Huntsman who wasn’t involved in the ABC debate at the weekend and has recently been involved in a spat over deciding not to be involved in the Donald Trump debate excelled throughout.  Huntsman jokingly said, “I can’t wait to compare and contrast this format with the Donald Trump debate,” Huntsman said. Huntsman was relaxed, natural, and humourous but displayed a knowledge and vision which even the most partisan onlooker could not help but admire. There can be no doubt, the former Utah Governor came off looking like one of the most intelligent, experienced people running for office possibly with the exception of Gingrich himself.

Huntsman said Iran posed a bigger problem than any other country right now, calling it the “transcendent threat” and saying all options are on the table in dealing with the regime there. He continued saying a nuclear Iran would lead Turkey and other nations to build nuclear programs. “I think all options are on the table, and I do believe we’re going to have a conversation with Israel” when Iran goes nuclear. Huntsman also said the Obama Administration missed a huge opportunity to get a foothold in the region with the Arab Spring.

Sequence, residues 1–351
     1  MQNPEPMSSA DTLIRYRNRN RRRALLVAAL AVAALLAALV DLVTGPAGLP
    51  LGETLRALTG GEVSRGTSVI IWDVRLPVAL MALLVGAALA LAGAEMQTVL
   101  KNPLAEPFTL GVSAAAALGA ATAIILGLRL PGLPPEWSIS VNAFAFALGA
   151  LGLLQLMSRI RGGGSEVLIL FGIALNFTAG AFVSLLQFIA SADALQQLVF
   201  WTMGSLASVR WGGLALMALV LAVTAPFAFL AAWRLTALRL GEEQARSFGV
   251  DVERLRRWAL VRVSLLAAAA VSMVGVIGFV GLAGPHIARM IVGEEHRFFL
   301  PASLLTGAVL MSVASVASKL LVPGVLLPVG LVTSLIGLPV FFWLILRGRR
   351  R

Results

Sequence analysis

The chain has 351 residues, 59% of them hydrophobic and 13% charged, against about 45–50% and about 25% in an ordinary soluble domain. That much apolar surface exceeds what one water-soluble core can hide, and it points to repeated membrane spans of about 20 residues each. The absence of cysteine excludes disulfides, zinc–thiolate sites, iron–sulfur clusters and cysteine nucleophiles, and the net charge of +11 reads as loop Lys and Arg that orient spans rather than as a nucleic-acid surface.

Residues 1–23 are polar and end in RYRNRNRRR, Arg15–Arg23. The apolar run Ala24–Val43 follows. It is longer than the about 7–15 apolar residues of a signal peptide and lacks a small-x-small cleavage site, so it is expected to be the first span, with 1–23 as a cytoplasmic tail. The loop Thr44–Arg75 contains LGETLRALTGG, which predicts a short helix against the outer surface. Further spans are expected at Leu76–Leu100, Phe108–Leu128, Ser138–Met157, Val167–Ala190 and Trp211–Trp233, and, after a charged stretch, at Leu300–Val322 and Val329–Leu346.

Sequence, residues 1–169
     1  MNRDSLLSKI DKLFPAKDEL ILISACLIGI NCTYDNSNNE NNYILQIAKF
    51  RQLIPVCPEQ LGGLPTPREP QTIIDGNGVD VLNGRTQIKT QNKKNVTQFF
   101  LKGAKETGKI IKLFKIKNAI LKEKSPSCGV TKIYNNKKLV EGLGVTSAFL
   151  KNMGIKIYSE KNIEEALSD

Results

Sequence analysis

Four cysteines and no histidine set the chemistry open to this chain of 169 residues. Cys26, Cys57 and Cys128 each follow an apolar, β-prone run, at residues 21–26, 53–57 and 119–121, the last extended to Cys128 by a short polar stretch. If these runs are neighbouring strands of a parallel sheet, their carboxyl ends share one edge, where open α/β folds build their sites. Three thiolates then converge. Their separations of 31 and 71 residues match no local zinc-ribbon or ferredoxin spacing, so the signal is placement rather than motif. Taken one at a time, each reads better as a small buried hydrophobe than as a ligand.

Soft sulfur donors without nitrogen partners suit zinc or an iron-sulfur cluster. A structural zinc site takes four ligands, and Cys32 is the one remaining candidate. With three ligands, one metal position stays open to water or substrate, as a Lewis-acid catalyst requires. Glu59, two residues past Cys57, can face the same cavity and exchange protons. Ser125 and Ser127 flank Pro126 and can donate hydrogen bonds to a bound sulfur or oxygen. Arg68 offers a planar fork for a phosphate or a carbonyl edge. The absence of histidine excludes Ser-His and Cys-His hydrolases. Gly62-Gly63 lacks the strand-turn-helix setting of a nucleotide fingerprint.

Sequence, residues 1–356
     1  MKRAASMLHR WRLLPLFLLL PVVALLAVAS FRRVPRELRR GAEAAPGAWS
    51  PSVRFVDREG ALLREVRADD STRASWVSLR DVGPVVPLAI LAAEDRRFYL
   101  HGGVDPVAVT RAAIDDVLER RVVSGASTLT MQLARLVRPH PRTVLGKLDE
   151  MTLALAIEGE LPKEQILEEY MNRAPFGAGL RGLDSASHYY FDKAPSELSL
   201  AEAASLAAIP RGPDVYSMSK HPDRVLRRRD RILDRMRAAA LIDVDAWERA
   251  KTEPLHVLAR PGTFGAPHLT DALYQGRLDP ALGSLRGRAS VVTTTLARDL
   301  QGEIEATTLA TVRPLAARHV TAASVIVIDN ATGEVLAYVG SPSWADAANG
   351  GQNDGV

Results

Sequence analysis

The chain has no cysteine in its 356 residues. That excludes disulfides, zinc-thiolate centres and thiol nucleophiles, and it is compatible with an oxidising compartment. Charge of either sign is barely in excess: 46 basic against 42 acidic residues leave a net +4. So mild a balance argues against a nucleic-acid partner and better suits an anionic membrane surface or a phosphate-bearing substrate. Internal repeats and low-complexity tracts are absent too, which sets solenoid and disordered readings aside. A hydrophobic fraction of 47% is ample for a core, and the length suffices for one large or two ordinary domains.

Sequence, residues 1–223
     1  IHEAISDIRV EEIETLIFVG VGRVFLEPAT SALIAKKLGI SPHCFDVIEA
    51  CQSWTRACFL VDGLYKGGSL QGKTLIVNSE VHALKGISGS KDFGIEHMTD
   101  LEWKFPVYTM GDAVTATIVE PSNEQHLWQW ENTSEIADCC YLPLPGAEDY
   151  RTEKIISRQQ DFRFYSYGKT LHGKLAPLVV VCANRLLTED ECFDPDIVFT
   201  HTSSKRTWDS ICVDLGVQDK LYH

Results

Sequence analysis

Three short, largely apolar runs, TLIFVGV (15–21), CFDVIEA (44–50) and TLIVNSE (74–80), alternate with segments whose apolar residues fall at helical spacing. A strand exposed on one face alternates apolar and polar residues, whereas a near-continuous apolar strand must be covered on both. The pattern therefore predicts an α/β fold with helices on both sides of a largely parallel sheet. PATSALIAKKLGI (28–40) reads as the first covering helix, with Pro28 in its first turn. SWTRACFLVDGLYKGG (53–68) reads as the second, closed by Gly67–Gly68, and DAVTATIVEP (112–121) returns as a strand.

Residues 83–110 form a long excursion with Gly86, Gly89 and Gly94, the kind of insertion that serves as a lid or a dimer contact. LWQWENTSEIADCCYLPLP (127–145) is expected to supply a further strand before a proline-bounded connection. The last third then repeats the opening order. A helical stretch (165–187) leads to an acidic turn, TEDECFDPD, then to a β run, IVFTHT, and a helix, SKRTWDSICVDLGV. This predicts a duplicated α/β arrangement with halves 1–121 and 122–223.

Gingrich put on another masterful professorial display, he managed to speak in clear and simple terms about all the issues showing the audience the vast amount of knowledge he’s picked up and retained over decades of foreign policy work. He controversially said that the next president would most likely be put in a position to choose between assisting Israel in a ground war against Iran or standing by as nukes were unleashed from one side or the other (if not both) which could result in a “second holocaust” for the Jewish people.  One thing you have to admire about the former speaker and his campaign is that he is prepared to speak on the controversial topics that most people think privately but avoid speaking publicly on. It is refreshing to see a presidential candidate being prepared and willing to discuss them on the campaign trail